Snider Bullets Today

When I first decided I had to get my Snider Carbine to make noise again, I started off by shooting store bought .58 caliber muzzle loader "Minie balls". They were expensive and undersized but they did what I wanted them to do...Allow my Snider to once again spew out smoke and noise!

But at over a dollar each, it doesn't take most .58 caliber lead bullet shooters long to decide to cast their own bullets from scrap soft lead.
The question becomes which mould fits the bill?

As was stated on the preceding page, the Snider CAN shoot a undersized .575 to .578 bullet accurately with SOME effort. There are quite a few fairly inexpensive moulds out there (check Ebay for many used ones) that will work to some degree.

The original engineering that produced results in the Snider's undersize bullet puzzle used wedge shaped plugs in the hollow based bullets that would be forced deeper into the hollow base under the pressure of the burning powder gasses and subsequently push out the bullet's skirt to fit the bore. Today's shooter can still duplicate this technique by forming plugs from auto-body filler or epoxy in either self built or purchased moulds. I have found that my local lumber and hardware stores carry tapered wooden plugs (to hide recessed screws in wood work projects) that work very well in most 58 caliber bullet moulds.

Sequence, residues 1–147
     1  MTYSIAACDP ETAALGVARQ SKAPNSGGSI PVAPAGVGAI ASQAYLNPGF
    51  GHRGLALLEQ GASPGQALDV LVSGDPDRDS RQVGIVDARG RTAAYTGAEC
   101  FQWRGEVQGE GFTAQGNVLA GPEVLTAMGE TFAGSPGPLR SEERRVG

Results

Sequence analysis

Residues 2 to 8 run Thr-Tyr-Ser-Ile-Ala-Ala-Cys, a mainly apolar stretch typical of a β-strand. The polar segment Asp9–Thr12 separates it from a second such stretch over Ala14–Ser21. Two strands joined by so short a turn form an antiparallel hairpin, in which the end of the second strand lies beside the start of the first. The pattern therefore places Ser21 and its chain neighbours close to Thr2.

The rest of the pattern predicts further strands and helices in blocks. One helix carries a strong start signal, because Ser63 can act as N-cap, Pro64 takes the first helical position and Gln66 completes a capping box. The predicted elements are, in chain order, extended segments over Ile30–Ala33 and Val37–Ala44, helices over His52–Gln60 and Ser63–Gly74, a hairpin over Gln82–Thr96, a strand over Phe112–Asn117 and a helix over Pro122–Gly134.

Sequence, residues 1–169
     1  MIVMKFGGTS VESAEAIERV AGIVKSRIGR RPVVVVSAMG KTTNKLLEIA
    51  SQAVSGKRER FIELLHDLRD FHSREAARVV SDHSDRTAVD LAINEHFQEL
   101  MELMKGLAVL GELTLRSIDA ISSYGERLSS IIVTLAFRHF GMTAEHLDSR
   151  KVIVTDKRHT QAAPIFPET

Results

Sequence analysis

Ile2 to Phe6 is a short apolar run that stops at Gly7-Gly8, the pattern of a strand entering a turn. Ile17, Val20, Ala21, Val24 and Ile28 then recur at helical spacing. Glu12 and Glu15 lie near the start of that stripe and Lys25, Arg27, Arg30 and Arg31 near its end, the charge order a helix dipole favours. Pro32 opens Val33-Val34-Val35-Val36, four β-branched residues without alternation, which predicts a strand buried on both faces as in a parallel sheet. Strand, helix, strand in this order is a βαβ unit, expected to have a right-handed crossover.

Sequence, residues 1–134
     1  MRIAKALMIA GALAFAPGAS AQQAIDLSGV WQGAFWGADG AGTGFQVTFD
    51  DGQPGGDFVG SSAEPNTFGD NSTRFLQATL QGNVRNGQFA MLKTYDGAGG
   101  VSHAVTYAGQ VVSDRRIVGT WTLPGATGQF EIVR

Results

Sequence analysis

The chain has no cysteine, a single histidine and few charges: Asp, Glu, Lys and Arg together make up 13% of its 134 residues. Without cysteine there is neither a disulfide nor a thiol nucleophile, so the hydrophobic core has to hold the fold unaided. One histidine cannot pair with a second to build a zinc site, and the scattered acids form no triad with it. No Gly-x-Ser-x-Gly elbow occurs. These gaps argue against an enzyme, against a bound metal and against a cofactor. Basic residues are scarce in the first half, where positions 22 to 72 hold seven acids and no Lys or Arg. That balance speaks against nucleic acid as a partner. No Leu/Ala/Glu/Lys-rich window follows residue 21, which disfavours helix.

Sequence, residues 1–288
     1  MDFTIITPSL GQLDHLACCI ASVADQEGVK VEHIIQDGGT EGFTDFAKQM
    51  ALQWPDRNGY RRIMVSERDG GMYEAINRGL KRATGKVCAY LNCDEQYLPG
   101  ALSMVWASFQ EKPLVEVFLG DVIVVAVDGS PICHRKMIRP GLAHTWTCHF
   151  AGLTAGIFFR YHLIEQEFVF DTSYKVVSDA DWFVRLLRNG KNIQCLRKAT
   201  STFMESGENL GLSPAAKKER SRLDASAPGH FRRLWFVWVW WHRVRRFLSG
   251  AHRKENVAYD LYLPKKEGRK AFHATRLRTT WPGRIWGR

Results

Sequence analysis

But if you measure the bore size at the muzzle of most Sniders you will see that the poor .575 bullets produced in most of these "muzzle loader" moulds has a lot of expanding to do before it grips any rifling.

The answer is to use an oversized mould. Depending on your Snider, a bullet between .585" and .600" in diameter may work best. Just fire a few rounds of undersized bullets to expand your brass. Now measure the inside of the case mouth to see what will chamber. That is usually a fairly good guide on what bullet size you will want to buy a mould for.

Luckily, there are quite a few moulds to be found. RCBS has a .590 mould that is quite popular. There are a few custom Lee moulds that have been created by groups of enthusiasts that range in diameter and length. There are also companies now producing very nice moulds in a solid base configuration. Let Google be your guide to find them! Lots of good accuracy reports are coming from people that simply use a suitable diameter round ball seated in the brass case.

I use the large 535 grain, 3 lube groove bullet a fella by the name "Coyote" produces for my 5 groove MkIII Carbine. I use a custom .595" bullet in My MkIII 2-Band Rifle with one brand of brass and a similar bullet of .600" in another brand of brass. Its all about what chambers best.

Once you have one of these oversize bullet moulds, you no longer need to engineer solutions to expand the bullet as it travels up the bore.
Next, we can look at brass cases to stuff these bullets into!